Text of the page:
By Rachel Beck
The Associated Press
NEW YORK - Gold investors think they've found a fail-safe bet. No matter what happens to the economy, stock market or anything else - good or bad - they count on seeing positive returns.
That's why investors have been pouring big money into gold and gold stocks, a big switch from the not-so-distant past when they shunned gold in favor of higher-flying investments.
In today's investing world, after three years of steep stock-market declines, they are looking for better insurance to make money. It's still unclear, though, if gold is really so safe.
Gold began its climb in 2001, just as the global economy and stock market began to slump. Its strength intensified in the months before the war in Iraq, surpassing $380 an ounce - its highest level in seven years.
After an initial post-war retreat, gold bounced back and is forecast by many analysts to climb above $400.
Market watchers acknowledge that they've been surprised by its current strength.
For one thing, gold has largely been following the path of the euro, the currency representing 12 European nations that has been gaining against the U.S. dollar over the last year. But the euro weakened this summer, the dollar strengthened, and gold prices surged higher.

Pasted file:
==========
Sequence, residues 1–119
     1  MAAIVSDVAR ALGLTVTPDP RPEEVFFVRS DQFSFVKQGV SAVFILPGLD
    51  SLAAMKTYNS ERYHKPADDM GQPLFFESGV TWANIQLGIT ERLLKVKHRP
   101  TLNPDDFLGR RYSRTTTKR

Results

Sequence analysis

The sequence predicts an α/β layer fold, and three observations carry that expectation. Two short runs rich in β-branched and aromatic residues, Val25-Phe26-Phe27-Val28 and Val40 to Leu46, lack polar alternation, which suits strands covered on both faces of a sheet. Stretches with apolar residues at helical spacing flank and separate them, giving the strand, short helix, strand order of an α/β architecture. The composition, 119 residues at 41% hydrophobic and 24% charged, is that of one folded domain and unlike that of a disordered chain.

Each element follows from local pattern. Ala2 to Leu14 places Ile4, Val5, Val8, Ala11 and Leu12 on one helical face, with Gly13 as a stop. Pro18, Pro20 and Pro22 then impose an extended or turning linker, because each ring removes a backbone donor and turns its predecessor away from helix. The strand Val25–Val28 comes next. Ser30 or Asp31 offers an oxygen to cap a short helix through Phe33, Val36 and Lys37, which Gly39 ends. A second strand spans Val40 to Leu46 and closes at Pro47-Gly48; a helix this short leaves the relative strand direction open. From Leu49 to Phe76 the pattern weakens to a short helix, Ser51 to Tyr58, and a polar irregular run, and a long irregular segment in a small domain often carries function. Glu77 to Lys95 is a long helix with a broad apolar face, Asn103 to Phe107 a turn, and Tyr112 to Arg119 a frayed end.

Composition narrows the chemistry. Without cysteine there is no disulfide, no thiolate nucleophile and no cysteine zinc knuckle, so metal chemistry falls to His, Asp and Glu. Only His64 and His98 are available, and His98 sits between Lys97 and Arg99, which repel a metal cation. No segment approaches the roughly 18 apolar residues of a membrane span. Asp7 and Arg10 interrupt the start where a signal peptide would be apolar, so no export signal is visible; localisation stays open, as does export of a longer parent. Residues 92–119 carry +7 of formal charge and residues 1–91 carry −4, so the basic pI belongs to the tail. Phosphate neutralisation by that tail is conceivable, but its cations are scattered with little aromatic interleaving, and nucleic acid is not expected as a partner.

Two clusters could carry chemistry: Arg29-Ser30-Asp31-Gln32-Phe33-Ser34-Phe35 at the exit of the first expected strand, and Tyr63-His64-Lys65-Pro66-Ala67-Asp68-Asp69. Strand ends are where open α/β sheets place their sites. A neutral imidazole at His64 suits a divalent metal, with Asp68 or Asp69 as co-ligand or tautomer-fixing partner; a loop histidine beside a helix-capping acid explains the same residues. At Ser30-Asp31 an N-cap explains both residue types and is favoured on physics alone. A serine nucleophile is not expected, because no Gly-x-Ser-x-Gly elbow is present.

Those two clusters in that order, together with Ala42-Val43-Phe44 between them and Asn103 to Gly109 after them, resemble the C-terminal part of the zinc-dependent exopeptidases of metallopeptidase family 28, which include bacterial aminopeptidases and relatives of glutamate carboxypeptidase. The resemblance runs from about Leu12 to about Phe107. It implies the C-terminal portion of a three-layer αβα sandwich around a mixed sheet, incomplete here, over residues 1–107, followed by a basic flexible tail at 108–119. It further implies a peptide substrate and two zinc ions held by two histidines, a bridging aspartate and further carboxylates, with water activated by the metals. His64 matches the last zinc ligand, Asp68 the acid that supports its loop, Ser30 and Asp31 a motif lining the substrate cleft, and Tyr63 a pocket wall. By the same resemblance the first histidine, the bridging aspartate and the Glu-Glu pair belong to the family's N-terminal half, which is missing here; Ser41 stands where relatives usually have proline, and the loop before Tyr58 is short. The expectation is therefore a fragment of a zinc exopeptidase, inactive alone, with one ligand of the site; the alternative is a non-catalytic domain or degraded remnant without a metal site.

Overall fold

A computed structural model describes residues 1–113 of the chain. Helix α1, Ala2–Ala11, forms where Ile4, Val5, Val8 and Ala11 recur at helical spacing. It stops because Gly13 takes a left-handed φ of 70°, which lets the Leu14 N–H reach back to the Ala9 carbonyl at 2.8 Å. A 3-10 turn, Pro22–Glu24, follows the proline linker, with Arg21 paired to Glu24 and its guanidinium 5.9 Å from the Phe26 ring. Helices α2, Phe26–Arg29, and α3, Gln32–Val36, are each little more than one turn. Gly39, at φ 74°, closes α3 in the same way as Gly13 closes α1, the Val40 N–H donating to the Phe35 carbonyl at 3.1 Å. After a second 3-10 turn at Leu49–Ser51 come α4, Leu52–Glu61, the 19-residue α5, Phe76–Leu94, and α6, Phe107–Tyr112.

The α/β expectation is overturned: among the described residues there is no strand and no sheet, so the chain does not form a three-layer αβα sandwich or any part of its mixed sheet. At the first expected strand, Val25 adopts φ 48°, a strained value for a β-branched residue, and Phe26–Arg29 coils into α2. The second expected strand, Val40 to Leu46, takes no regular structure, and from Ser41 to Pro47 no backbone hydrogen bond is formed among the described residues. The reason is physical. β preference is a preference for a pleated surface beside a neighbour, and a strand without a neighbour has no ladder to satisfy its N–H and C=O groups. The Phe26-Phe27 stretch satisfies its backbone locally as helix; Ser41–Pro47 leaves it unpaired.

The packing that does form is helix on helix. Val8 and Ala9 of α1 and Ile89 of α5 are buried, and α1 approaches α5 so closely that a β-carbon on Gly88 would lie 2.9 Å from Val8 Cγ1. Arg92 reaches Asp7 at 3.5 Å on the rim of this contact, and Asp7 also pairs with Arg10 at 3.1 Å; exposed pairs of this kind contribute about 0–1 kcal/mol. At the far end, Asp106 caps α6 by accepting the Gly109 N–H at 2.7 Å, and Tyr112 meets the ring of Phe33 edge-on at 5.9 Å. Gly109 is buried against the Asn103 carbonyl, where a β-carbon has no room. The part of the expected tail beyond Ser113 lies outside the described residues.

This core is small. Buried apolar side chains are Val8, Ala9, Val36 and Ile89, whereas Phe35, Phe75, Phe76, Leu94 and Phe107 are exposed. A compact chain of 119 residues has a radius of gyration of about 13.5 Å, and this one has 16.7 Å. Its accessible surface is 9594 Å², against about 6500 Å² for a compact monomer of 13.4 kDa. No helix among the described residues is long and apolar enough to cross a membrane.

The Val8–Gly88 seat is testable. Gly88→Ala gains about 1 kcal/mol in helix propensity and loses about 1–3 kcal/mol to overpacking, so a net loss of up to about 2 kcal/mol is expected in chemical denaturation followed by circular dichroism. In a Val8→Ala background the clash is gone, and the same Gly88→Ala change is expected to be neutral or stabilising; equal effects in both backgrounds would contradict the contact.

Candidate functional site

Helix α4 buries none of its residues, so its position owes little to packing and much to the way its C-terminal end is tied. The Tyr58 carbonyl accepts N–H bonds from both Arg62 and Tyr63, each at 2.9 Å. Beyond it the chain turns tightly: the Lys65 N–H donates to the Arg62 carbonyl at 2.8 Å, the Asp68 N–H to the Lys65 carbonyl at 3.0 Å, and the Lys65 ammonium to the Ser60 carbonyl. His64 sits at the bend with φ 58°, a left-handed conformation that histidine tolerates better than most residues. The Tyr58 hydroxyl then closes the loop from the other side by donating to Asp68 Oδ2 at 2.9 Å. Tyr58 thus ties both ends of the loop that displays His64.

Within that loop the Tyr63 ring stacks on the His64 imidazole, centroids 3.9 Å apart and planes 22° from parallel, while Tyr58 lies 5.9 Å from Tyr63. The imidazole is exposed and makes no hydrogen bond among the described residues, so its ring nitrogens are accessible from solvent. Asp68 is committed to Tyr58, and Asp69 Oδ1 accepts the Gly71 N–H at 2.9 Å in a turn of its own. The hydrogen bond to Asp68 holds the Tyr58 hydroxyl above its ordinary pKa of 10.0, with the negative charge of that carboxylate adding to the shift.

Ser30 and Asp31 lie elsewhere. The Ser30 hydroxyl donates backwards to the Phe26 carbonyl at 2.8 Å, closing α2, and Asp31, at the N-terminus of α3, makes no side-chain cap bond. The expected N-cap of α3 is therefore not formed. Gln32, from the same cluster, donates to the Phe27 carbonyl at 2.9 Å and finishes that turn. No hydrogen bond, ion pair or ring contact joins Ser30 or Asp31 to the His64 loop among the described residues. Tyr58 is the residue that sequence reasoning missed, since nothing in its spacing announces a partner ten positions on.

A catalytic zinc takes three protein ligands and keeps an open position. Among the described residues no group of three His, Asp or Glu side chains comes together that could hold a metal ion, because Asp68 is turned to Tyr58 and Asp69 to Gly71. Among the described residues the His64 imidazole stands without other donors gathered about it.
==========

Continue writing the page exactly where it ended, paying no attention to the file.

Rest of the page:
And then last week, the dollar tumbled, but gold continued to climb.
There has also been a positive turn in both the U.S. stock market and economy. Since gold is considered a safe-haven asset, investors historically have pulled out when those areas improve.
But so far this year, gold stocks are up sharply, and precious-metals mutual funds, which include gold, have soared 25 percent, solidly outperforming the 17 percent gain in the Standard & Poor's 500 stock index.
And those gains add to last year's 63 percent rise in precious-metals funds, the best-performing fund category in the market and a sharp contrast to the 23 percent decline in the S&P 500, according to fund-tracker Morningstar.
So what's behind all this? Analysts say there is just enough uncertainty in the marketplace to tap investors' interest. They see some kind of protection in gold, thinking they can win no matter which side of the coin they get.
"Are we in for deflation or inflation? We don't know. Are interest rates on their way up? We don't know. Is the economy really back on track? We don't know," Lynn Russell, a fund analyst at Morningstar in Chicago, said. "Those unknowns make gold attractive."
But gold isn't without risks.
Future gains might be limited because there already has been such a big run-up in price - it has climbed from $260 an ounce since early 2001.
And price gains have largely been fueled by speculation, not because of any significant shift in physical demand.
A final reminder to gold investors: Two decades ago, gold was trading at more than $800, and it was supposed to keep rising. Today, it's less than half that.
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